A recent TCC decision has adopted a robust approach to the conclusivity provisions of the JCT Standard Building Contract in relation to Final Certificates. The decision confirms the need to commence proceedings to challenge a Final Certificate within 28 days and rules out the ability of parties to commence any supplementary or additional proceedings after the time limit has expired.
A trust fund engaged OD Developments to carry out works in Mayfair. The Contract incorporated the terms of the JCT Standard Building Contract, Without Quantities, Revision 2 (2009). Pursuant to the Contract, the Contract Administrator issued a Final Certificate on 3 December 2013, showing a sum of over £200,000 due from OD Developments to the Trust.
On 20 December 2013, OD Developments issued Part 7 proceedings in the TCC, disputing the validity and correctness of the Final Certificate. Due to the conduct of the parties, proceedings in the TCC progressed slowly and 13 months later OD Developments sought to commence adjudication proceedings. The Trust argued that OD Developments was barred from bringing further proceedings by virtue of the Final Certificate provisions and issued Part 8 proceedings seeking a declaration as to the proper interpretation of clause 1.9.3 of the Contract which stated:
“If any adjudication, arbitration or other proceedings are commenced by either Party within 28 days after the Final Certificate has been issued, the Final Certificate shall have effect as conclusive evidence as provided in clause 1.9.1 save only in respect of the matters to which those proceedings relate.”
The Trust submitted that the meaning of clause 1.9.3 was clear – the Final Certificate would take effect as conclusive evidence in any proceedings issued outside of the 28 day period. OD Developments argued that the effect of clause 1.9.3 was that the Final Certificate was not conclusive evidence in respect of the matters to which the original proceedings (launched within the 28 day period) related. On this view, OD Developments would be entitled to launch subsequent proceedings at any time, provided that they related only to the matters in dispute in the original proceedings. This was a slightly narrower argument than that which had been set out in correspondence between the parties, where OD Developments argued that launching proceedings within the 28 day period constituted a “foot in the door”, permitting any subsequent proceedings to be brought to challenge the Final Certificate.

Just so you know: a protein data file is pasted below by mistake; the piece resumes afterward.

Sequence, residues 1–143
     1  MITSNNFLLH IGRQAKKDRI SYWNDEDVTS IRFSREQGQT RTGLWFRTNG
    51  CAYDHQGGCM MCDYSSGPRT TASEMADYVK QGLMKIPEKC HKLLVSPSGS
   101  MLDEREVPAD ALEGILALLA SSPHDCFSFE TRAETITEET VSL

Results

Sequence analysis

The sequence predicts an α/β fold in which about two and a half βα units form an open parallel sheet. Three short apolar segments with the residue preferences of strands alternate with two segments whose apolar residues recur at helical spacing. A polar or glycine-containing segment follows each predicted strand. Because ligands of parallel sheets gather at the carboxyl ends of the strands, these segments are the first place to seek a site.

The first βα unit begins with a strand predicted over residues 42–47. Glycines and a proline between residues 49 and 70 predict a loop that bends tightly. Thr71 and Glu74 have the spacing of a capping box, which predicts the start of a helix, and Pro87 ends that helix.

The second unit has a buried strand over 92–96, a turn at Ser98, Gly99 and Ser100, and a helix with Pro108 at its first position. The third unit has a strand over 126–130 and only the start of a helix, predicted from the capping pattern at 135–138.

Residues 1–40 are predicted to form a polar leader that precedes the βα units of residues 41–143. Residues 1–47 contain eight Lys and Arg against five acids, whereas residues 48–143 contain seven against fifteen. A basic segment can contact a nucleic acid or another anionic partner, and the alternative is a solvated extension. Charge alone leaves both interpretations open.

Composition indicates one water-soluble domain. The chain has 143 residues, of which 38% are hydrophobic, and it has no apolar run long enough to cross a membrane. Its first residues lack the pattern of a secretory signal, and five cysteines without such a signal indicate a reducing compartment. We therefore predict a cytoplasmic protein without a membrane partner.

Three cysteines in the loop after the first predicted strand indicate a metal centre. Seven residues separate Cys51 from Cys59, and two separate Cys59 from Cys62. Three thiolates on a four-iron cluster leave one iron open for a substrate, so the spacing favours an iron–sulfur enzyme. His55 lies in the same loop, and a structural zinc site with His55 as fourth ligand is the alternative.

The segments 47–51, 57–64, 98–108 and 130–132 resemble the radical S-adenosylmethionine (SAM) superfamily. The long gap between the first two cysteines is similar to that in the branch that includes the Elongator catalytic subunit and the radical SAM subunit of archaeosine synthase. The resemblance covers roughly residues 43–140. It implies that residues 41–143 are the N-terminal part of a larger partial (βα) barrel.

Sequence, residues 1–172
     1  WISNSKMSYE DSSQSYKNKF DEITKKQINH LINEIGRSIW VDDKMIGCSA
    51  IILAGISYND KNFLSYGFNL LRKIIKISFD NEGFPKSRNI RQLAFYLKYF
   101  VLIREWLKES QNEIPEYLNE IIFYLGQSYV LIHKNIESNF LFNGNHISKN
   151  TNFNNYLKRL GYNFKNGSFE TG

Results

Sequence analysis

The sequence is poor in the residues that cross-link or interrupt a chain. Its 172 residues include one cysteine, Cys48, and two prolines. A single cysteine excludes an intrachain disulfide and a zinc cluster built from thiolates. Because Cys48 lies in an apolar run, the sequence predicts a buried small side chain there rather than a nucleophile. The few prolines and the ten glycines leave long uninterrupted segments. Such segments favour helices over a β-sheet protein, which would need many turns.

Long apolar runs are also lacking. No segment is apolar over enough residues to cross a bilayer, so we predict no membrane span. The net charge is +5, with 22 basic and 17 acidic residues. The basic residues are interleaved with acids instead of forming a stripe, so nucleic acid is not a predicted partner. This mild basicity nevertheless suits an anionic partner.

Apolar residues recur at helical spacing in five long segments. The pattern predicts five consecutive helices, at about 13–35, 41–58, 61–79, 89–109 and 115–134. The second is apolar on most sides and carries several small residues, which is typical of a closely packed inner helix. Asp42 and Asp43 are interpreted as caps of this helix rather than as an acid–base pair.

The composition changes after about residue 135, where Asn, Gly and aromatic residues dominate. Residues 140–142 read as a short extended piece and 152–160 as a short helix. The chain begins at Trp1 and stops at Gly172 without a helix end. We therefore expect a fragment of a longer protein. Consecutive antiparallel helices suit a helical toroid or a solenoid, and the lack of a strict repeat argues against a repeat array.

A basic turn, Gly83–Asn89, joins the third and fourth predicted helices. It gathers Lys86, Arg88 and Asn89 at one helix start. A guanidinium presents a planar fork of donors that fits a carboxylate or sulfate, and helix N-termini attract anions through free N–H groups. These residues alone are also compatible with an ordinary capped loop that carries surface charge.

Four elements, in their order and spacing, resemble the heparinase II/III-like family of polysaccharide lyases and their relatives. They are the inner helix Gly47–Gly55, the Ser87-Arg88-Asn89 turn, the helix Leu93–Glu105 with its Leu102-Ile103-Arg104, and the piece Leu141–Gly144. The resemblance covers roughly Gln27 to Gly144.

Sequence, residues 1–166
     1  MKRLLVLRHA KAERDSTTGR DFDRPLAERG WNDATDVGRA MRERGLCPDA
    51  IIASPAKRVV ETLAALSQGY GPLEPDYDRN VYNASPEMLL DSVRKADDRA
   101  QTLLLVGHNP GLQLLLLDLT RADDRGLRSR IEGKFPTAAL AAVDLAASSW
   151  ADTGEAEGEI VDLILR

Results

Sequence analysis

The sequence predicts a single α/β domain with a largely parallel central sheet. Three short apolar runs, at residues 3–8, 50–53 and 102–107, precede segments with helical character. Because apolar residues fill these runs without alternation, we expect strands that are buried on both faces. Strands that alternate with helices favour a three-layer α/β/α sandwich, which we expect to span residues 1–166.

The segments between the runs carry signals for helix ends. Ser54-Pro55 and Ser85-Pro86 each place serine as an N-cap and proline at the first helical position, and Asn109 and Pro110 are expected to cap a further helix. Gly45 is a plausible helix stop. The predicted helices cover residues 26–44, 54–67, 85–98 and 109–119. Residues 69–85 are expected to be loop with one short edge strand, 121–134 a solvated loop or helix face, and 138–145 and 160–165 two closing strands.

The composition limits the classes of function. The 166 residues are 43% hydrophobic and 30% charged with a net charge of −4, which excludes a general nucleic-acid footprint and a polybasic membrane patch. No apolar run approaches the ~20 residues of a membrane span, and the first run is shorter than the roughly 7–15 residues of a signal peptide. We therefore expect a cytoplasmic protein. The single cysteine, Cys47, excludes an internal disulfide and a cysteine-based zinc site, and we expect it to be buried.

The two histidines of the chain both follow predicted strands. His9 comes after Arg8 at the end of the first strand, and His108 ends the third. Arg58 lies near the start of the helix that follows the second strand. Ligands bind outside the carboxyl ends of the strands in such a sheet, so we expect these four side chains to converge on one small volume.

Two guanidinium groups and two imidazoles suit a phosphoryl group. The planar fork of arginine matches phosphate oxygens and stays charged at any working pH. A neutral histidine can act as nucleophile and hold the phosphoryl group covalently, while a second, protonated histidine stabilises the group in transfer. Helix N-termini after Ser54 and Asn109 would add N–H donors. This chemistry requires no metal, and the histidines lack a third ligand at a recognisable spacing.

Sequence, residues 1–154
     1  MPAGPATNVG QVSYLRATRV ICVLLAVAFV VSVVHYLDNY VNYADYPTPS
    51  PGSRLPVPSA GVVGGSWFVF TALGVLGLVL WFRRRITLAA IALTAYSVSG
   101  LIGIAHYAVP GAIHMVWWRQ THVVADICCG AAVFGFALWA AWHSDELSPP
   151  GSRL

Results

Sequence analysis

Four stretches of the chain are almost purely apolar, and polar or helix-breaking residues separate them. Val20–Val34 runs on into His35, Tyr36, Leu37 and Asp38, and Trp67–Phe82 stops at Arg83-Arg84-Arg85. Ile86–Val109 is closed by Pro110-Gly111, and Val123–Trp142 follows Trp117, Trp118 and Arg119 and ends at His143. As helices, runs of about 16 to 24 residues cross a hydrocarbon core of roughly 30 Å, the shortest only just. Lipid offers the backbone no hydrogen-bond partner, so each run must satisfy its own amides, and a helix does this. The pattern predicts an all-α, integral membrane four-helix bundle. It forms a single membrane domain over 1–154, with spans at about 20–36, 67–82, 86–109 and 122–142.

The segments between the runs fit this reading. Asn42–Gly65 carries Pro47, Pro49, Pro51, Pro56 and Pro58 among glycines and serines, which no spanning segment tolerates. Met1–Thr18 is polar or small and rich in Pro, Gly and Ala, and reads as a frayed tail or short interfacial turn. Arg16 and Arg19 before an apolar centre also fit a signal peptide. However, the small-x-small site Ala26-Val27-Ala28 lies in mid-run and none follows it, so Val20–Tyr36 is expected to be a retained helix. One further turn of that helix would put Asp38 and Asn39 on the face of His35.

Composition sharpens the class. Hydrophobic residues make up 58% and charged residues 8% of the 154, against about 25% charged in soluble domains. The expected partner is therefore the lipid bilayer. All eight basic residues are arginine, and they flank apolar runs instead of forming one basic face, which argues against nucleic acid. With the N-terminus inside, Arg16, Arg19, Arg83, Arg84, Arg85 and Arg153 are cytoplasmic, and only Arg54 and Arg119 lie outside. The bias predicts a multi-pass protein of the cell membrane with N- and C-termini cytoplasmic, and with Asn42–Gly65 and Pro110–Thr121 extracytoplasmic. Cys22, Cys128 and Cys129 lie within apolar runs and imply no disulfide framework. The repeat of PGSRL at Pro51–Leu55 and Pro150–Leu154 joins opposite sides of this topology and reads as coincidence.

Justice Coulson promptly dismissed the “foot in the door” approach, noting that it was contrary to the purpose of clauses of this kind (conclusivity clauses). The judge considered that:
“The real point on the interpretation issue is whether 1.9.3 envisages one set of proceedings (whether adjudication, arbitration or court proceedings) issued within the 28 days to challenge the Final Certificate, or whether it envisages an initial set of proceedings in which the relevant “matters” can be raised, but then permits the challenger to commence other proceedings, outside the 28 days, which (provided only that those same matters were raised in the subsequent proceedings) would be equally legitimate.”
Justice Coulson found in favour of the former interpretation, noting that conclusivity clauses were aimed at providing certainty and clarity, which the Trust’s interpretation achieved whereas OD Development’s did not and was contrary to business common sense.
Conclusion and implications
This decision provides important guidance for any party considering challenging a Final Certificate. Time limits for issuing proceedings will be enforced, and it is important to ensure that the scope and forum of any proceedings are carefully thought through. If adjudication proceedings are chosen, the JCT provisions allow a further 28 days during which a party can issue Court or arbitration proceedings to challenge an adjudicator’s decision as to the Final Certificate. However, if Court proceedings are commenced first, or if the reference to adjudication is flawed, a party may find themselves time barred from challenging the Final Certificate.
One approach endorsed by the court in this case is to issue adjudication proceedings simultaneously with court/arbitration proceedings within the 28 day period to protect the challenger’s position in the event that the reference to adjudication is flawed in some way or results in an unenforceable decision (or no decision at all).
The present case also leaves open the position under the JCT Design and Build Contract. Although a very similar provision to clause 1.9 of the SBC form is included, the DBC also allows the employer or contractor to give a notice “disputing anything in the Final Statement”. This notice must be given before the final date for payment, but otherwise it may provide an easier route for parties looking to challenge a Final Certificate under the DBC.